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People v. Hecker

NEW YORK SUPREME COURT, APPELLATE DIVISION, FIRST DEPARTMENT


December 3, 2009

THE PEOPLE OF THE STATE OF NEW YORK, RESPONDENT,
v.
JOSEPH HECKER, DEFENDANT-APPELLANT.

Judgment, Supreme Court, New York County (A. Kirke Bartley, J.), rendered July 14, 2008, convicting defendant, after a jury trial, of criminal sale of a controlled substance in the third degree), and sentencing him, as a second felony drug offender whose prior felony conviction was a violent felony, to a term of 6 years, unanimously affirmed.

Published by New York State Law Reporting Bureau pursuant to Judiciary Law § 431.

This opinion is uncorrected and subject to revision before publication in the Official Reports.

Gonzalez, P.J., Tom, Andrias, Nardelli, Richter, JJ.

5770/07

The verdict was based on legally sufficient evidence and was not against the weight of the evidence (see People v Danielson, 9 NY3d 342, 348-349 [2007]). There is no basis for disturbing the jury's determinations concerning identification and credibility. Two officers easily recognized defendant six days after the sale, when they saw him standing in front of the same store where the sale had occurred.

The court properly granted the People's Batson application (Batson v Kentucky, 476 US 79 [1986]; People v Kern, 75 NY2d 638 [1990], cert denied 498 US 824 [1990]). The record supports the court's finding that the race-neutral reasons provided by defense counsel for the peremptory challenge at issue were pretextual, and this finding is entitled to great deference (see People v Hernandez, 75 NY2d 350, 356 [1990], affd 500 US 352 [1991]). Counsel's failure to question the panelist was a significant indicator of pretext under the circumstances (see e.g. People v Kidkarndee, 41 AD3d 247 [2007], lv denied 9 NY3d 923 [2007]). Defendant did not preserve his contention that the court failed to follow the required three-step procedure (see People v Richardson, 100 NY2d 847, 853 [2003]), and we decline to review in the interest of justice. As an alternative holding, we reject the claim. In particular, it was permissible for the court to find that defense counsel's race-neutral reasons were pretextual without hearing from the prosecutor (see People v Payne, 88 NY2d 172, 184 [1996]).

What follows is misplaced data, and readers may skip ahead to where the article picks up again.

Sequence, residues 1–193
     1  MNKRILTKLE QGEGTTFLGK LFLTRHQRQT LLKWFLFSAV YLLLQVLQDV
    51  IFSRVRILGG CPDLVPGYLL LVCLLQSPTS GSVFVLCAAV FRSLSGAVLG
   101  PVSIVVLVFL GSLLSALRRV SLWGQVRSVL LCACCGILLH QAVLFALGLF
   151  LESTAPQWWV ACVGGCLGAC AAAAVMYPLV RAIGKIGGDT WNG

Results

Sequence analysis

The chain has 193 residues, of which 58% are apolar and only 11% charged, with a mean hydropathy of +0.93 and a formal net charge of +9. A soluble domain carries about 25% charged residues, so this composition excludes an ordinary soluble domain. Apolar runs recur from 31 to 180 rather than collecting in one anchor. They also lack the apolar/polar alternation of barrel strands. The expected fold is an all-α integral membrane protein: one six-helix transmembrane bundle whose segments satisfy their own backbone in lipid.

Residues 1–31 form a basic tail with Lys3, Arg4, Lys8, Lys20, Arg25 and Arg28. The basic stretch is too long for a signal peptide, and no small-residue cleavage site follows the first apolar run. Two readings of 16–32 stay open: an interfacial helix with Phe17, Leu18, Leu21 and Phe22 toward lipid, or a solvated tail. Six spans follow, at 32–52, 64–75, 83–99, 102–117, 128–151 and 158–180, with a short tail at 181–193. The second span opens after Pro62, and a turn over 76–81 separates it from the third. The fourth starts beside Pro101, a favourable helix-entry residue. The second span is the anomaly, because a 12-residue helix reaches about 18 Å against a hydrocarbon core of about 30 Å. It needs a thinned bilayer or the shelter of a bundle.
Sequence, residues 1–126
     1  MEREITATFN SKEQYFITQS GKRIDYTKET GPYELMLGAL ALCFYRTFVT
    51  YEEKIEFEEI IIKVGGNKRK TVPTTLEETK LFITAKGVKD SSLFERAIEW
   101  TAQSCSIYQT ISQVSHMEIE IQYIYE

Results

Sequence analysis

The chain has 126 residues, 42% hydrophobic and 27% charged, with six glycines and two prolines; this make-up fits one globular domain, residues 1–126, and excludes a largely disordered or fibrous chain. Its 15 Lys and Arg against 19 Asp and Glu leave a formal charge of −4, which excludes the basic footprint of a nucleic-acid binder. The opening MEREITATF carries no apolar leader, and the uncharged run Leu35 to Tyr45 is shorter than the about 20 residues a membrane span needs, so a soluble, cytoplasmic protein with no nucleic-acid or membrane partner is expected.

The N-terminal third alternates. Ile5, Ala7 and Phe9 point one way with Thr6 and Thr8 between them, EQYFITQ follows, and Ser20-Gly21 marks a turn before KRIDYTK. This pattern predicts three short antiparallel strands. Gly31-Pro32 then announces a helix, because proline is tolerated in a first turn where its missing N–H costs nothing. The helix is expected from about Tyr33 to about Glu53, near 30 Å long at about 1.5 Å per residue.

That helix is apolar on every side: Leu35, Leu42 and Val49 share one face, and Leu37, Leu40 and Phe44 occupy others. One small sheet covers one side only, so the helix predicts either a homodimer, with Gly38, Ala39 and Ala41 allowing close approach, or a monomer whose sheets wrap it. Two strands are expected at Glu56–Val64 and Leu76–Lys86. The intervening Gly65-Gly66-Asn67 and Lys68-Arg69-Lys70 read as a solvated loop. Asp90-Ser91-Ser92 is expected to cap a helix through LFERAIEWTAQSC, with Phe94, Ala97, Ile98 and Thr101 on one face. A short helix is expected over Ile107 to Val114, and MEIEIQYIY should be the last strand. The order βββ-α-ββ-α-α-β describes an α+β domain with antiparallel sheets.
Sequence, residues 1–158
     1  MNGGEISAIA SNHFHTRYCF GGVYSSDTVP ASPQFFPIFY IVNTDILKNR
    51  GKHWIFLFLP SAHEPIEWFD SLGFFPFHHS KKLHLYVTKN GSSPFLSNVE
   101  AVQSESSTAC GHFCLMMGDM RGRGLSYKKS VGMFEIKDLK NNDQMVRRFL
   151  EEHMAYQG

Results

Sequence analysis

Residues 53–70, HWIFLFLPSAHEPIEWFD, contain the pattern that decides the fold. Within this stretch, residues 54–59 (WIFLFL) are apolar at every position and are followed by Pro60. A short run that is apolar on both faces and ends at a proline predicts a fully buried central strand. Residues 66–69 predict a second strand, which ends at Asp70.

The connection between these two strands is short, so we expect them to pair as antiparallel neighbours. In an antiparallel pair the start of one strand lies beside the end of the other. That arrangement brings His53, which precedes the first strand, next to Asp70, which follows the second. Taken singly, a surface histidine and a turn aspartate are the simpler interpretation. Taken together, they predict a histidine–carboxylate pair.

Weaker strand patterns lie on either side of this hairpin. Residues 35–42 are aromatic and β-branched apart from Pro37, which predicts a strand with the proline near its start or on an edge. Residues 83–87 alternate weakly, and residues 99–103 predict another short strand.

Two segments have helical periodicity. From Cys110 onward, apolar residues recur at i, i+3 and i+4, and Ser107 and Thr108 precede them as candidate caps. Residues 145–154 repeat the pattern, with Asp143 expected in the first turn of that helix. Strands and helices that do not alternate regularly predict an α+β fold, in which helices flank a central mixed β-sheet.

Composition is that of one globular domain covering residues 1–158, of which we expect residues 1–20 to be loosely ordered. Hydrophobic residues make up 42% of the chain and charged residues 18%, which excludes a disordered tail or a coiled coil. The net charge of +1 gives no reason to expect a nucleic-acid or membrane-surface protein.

The People made a proper showing under Waller v Georgia (467 US 39 [1984]) to justify closure of the courtroom during the testimony of an undercover officer. Although the officer was no longer working in the area of defendant's arrest, testimony in an open courtroom still posed a serious risk to his safety, particularly because of the large number of cases he had pending that were likely to be calendared at the same courthouse.

THIS CONSTITUTES THE DECISION AND ORDER OF THE SUPREME COURT, APPELLATE DIVISION, FIRST DEPARTMENT.

20091203

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